Past Reviews

Regional Reviews: San Francisco/North Bay


Exit Strategy
Aurora Theatre Company
Review by Patrick Thomas | Season Schedule

Also see Patrick's review of Anastasia


Tre’Vonne Bell, Sam Jackson, and Adam Niemann
Photo by David Allen
There are times when a character on stage does something I wish I had the courage to do: as when Pastor Paul in The Christians stands up against dogma to preach a true message of love and forgiveness. Or when Emile de Becque in South Pacific risks his idyllic island life and love with Nellie Forbush to serve as an advance scout on an enemy-occupied island. By the time the opening performance of Exit Strategy at Aurora Theatre Company had ended, I almost wished I'd followed the lead of Margo Hall's character Pam, who (spoiler coming), after 23 years of teaching in a crumbling South Side Chicago high school ("even the paint's running away from this place"), leaves a meeting with the fresh-faced vice principal (Adam Niemann)—who has delivered news that the school is slated for closure and demolition—and steps into the next room and shoots herself. Because after an hour and 45 minutes of bombast disguised as drama, eternal oblivion might have come as welcome relief.

Exit Strategy is Josh Costello's first production as Aurora's artistic director, and though he was marvelously energetic and welcoming in his pre-curtain speech, his take on Ike Holter's text seems so over the top that it nearly leaves Earth's orbit. Each of the characters—five teachers, a student, and the vice principal—scream and swear and bitch and moan, often simultaneously. While their ranting is often about matters of great importance—helping at-risk kids navigate their way into the wider world—much of it is trivial and unmoored to the broader issues at play. There is a gay subplot that seems tacked on, reveals little about the characters that Holter isn't already showing us, and includes a moment of lust played for comedy that is almost offensive in its pandering for laughs.

Many lines elicited laughter from the audience (though not from me) not because of their inherent humor, but because of the sheer audaciousness of the cast who, under Costello's direction, pound them with the force of a pneumatic jackhammer. Adam Niemann's portrayal of Ricky, the vice principal, is exceptionally unsubtle in this regard. He alternately stammers and screams, cowers and postures until we lose all sense of who this person really is. It's wonderful when an actor loses themselves in a character, but this is a glaring example of a character disappearing under the weight of an overwrought performance.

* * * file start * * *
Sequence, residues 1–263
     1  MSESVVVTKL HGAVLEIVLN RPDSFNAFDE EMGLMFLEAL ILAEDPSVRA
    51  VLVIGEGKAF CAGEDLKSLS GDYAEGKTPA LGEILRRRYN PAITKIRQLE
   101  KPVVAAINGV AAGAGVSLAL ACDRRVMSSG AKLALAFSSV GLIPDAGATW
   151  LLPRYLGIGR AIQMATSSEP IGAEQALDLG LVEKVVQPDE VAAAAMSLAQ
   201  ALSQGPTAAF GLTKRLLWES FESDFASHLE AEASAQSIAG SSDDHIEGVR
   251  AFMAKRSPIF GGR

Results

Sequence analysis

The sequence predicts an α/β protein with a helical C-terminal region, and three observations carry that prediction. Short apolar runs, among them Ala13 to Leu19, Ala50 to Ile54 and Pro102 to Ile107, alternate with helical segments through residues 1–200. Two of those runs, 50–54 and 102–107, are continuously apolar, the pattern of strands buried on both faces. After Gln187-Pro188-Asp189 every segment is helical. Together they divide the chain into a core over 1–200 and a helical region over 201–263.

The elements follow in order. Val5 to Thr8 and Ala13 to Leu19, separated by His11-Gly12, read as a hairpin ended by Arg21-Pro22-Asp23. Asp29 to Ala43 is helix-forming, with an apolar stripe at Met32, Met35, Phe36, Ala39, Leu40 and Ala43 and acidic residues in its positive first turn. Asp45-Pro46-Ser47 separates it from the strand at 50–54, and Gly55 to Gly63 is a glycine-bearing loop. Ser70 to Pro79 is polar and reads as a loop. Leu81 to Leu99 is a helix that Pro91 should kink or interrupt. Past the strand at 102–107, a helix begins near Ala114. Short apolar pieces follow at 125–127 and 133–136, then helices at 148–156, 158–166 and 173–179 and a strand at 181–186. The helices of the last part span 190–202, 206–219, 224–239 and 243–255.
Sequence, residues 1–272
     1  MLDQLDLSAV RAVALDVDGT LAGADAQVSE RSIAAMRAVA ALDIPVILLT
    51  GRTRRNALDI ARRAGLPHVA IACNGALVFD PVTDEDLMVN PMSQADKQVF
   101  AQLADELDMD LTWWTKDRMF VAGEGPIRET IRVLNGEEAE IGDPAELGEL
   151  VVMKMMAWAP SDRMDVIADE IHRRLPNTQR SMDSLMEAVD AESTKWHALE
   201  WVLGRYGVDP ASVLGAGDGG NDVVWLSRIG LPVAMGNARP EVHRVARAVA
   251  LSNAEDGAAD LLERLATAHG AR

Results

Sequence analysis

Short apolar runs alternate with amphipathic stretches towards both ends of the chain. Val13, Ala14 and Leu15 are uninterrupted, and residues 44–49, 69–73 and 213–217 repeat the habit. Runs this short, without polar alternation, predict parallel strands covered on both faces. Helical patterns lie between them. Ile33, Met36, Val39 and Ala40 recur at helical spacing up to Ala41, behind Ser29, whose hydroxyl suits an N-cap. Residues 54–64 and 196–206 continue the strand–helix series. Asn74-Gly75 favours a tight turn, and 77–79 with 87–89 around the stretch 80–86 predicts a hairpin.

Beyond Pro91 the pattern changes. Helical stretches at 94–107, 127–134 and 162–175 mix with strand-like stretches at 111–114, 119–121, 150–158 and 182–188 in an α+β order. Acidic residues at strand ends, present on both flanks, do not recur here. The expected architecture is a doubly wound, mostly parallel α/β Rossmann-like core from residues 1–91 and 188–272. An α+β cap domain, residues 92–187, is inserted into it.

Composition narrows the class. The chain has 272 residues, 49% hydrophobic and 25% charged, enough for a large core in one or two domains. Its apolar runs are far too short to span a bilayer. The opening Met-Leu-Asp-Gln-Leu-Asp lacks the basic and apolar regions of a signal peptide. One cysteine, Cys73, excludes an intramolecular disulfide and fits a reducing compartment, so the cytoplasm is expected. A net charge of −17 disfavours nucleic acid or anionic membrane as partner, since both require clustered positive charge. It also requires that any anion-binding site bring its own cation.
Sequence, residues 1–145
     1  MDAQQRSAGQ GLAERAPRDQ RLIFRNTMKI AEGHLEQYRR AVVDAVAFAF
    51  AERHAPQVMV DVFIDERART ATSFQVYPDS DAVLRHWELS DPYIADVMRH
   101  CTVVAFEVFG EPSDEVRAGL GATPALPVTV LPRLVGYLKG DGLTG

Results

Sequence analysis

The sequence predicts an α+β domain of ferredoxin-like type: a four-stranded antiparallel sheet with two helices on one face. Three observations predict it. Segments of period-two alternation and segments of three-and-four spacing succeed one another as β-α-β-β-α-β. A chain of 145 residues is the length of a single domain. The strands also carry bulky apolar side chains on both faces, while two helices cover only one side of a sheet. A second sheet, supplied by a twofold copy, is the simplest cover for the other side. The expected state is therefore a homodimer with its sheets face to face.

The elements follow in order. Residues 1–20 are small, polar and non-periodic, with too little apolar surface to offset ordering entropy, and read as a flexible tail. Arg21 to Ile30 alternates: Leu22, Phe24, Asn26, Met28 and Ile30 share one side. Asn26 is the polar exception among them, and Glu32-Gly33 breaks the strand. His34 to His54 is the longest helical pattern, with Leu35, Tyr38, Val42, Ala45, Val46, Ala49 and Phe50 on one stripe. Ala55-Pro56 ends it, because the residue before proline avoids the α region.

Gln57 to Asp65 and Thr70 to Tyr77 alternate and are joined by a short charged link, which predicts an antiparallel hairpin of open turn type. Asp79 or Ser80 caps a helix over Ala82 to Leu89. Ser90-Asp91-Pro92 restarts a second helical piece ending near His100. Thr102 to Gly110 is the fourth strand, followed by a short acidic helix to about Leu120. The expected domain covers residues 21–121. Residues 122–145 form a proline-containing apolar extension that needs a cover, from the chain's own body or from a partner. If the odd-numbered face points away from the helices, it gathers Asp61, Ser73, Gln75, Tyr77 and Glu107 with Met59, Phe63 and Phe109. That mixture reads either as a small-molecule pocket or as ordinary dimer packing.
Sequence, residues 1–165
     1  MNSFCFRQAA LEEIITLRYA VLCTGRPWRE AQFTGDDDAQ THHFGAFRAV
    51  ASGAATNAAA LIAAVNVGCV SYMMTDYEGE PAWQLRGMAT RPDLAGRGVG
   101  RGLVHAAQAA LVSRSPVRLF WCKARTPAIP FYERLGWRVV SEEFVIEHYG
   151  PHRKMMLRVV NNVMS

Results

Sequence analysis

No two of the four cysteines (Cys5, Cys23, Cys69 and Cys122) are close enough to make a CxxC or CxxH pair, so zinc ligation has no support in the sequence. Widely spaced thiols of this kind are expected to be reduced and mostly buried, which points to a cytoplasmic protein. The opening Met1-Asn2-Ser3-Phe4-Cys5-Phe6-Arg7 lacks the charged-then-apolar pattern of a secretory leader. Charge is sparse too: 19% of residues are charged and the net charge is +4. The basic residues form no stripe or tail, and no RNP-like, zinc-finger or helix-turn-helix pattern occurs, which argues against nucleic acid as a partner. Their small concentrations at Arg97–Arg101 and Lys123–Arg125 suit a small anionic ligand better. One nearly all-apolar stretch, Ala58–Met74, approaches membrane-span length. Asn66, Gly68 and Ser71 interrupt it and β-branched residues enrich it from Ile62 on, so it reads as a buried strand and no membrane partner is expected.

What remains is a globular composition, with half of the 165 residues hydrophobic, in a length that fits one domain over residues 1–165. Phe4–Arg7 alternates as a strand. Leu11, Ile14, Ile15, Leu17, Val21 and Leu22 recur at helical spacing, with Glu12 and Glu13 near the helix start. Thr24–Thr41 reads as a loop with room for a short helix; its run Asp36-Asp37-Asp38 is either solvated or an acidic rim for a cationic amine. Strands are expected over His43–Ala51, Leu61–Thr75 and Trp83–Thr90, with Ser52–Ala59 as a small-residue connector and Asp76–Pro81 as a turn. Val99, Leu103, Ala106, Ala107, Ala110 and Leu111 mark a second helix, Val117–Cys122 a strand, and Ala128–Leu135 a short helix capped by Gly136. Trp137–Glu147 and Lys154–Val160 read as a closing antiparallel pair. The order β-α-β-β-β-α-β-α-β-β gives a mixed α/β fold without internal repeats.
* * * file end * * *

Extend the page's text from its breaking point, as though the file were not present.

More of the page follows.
Fortunately, there are some lovely, even gripping, performances. Margo Hall is one of the Bay Area's most gifted and reliable actors, and she takes what is the best-written of all Holter's characters and fills it with passion and anger and regret. Her opening scene is the best in the play, but she sadly offs herself the moment she steps off stage, and nothing that comes after is even close to being as powerful—even when her Pam returns as a vision.

Kudos are also due to Michael J. Asberry. Like Hall's Pam, his Arnold is a veteran teacher who has been battered by a dysfunctional system, but he has never given up on his kids or striving to be the best he can. He exhibits a resilience and competence that serves as the most solid moral core Exit Strategy has to offer. Young Tre'Vonne Bell is a thrilling discovery in the role of Donnie, a gifted (yet still rebellious) senior who takes the threat posed by the school's scheduled shuttering into his own tech-savvy hands. Bell's focus and ability to hold his own against his elders (both as an actor and as his character) kept me engaged when Holter's text and Costello's direction kept pulling me out of the drama.

The set by Kate Boyd is appropriately industrial, and her revealing some of the school's infrastructure (by including conduit and HVAC vents at the top of the set) serves as a reminder of the underlying fragility that is too common to inner-city educational institutions.

Ultimately, though, it is a line spoken by Pam in that first excellent scene that sums up my entire experience of Exit Strategy: "Please—stop the bullshit."

Exit Strategy, through September 29, 2019, at the Aurora Theatre Company, 2081 Addison Street, Berkeley CA. Performances are Tuesdays and Wednesdays at 7:00 p.m., Thursdays-Saturdays at 8:00 p.m., and Sundays at 2:00 p.m. and 7:00 p.m. Tickets are $35-$70. Tickets and additional information are available at www.auroratheatre.org or by calling 510-843-4822.


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